The art of speculation

Whether speculation has a place in investors’ portfolios is a highly controversial topic. Proponents of the efficient market hypothesis believe that market pricing is always fair, which makes speculation an unreliable and unwise path to profit. Speculators believe that the market has overreacted to a series of variables. These variables provide opportunities for capital growth.

Some market professionals regard speculators as gamblers, but a healthy market is not only made up of hedgers and arbitrageurs, but also speculators. The hedger is a risk-averse investor who buys positions that are opposite to those already held by others. If a hedger owns 500 shares of Marathon oil but is concerned that the price of oil may fall sharply soon, they may short the stock, buy put options or use one of many other hedging strategies.

Arbitrageurs try to take advantage of market inefficiencies. The latest example is delayed arbitrage. As a form of high-frequency trading, delay arbitrageurs try to use the time it takes for the quote to travel from the stock exchange to the buyer to place their computers in the same data center as the stock exchange server. Investors can use these microsecond delays to profit.

Key points

  • Speculation refers to the conduct of financial transactions. This type of transaction carries a great risk of losing value, but also holds the expectation of significant gains.
  • If there is no prospect of substantial gains, there is almost no incentive to participate in speculation.
  • Consider whether speculation depends on the nature of the asset, the expected duration of the holding period, or the amount of leverage applied.

What is speculation?

Each of these investors is essential for an efficient and healthy market, but what is speculation and why does it cause such fierce criticism?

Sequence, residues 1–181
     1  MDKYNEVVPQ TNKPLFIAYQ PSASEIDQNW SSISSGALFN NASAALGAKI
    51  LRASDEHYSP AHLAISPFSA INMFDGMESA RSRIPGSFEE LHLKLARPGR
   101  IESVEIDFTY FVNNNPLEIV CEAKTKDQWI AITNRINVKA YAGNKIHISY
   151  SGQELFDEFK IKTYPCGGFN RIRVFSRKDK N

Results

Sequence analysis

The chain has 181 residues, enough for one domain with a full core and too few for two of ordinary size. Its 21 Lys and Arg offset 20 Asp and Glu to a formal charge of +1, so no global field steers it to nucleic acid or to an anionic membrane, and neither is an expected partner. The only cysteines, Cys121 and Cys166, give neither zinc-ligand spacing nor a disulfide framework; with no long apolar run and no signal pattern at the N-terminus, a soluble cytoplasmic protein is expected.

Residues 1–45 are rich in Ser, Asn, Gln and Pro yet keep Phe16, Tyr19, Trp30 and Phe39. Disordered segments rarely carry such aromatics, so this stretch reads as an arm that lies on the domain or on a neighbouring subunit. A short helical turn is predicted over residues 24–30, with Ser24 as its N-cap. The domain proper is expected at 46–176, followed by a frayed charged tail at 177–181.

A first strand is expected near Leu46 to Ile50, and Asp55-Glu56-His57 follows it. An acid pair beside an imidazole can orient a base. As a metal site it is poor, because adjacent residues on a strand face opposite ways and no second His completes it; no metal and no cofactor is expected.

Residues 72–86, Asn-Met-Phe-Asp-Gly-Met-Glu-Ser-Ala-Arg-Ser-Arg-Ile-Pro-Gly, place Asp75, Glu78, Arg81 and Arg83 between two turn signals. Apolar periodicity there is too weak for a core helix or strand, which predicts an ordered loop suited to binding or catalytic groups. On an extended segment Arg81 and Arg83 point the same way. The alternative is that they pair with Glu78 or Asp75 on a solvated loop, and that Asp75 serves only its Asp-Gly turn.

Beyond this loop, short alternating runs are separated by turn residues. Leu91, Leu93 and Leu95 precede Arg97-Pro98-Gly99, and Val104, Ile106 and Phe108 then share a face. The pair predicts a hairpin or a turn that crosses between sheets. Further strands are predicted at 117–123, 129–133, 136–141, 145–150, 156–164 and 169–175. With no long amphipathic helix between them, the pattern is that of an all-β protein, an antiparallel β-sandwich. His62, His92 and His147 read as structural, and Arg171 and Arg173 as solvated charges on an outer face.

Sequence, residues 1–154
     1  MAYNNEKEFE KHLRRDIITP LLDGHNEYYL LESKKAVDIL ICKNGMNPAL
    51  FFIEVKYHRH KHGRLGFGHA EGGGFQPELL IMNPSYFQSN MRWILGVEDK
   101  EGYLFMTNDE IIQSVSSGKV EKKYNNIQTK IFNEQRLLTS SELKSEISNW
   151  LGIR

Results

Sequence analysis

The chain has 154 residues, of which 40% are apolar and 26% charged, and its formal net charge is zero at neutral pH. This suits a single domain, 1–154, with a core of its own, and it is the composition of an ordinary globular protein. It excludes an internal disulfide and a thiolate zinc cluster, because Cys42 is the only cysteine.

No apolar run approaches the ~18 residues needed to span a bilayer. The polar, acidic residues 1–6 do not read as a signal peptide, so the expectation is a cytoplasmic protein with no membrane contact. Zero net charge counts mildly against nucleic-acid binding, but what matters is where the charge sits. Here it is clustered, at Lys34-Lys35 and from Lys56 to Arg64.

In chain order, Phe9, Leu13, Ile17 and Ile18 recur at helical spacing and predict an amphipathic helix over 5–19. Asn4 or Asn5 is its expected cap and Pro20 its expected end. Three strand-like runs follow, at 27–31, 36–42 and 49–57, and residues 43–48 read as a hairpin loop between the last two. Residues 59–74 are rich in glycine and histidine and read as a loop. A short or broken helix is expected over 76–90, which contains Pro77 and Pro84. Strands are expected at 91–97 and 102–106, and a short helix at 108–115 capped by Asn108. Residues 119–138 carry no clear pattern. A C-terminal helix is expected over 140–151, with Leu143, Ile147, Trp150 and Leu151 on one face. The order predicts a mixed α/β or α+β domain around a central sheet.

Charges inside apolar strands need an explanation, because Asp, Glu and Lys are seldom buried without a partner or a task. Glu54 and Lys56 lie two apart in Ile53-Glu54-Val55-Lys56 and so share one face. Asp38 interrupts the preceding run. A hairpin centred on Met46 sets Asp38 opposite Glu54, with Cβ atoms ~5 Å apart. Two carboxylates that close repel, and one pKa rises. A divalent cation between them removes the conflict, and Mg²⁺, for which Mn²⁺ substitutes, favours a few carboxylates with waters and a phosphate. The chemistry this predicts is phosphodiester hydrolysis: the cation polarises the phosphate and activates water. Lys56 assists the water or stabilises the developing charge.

Economist John Maynard Keynes is one of the financial giants. He said that speculation is about understanding the future of the market better than the market itself. Speculators are not buying stocks of high-quality companies that investors believe have long-term upside potential, but looking for opportunities that may have significant price fluctuations. Suppose investor A buys 300 shares of Boeing Company stock because they believe the aerospace industry is growing rapidly. If Boeing’s price drops for no reason tomorrow, they may buy more stocks because the price drop represents better value.

Speculator Investor B may sell 300 shares because this person believes that Boeing is ready for a short- or medium-term price increase. Investor B may have assessed Boeing’s health and other fundamentals, but the main indicator is expected short-term price changes.

Opponents of speculation argue that investing solely based on events that may occur in the near future is gambling. Speculators argue that they use a large number of data sources to evaluate a market where most gamblers are purely betting on opportunity or other statistically insignificant indicators.

Is speculation really as simple as it seems?

John Maynard Keynes went on to say, “For the public good, casinos should be off the beaten track and expensive. Maybe the stock exchange is the same.” Keynes knew what statistics show today in the early 20th century. . Trying to beat the market is as difficult as trying to beat a casino.

A study conducted by the North American Securities Administrators Association found that only 30% of speculators participating in day trading are profitable, and only 12% of speculators are likely to make long-term profits.

Profitable speculators usually work for trading companies that provide training and resources designed to increase the odds of success. For independent speculators, it takes a lot of time to study the market, pay attention to breaking news events, and learn and understand complex trading strategies.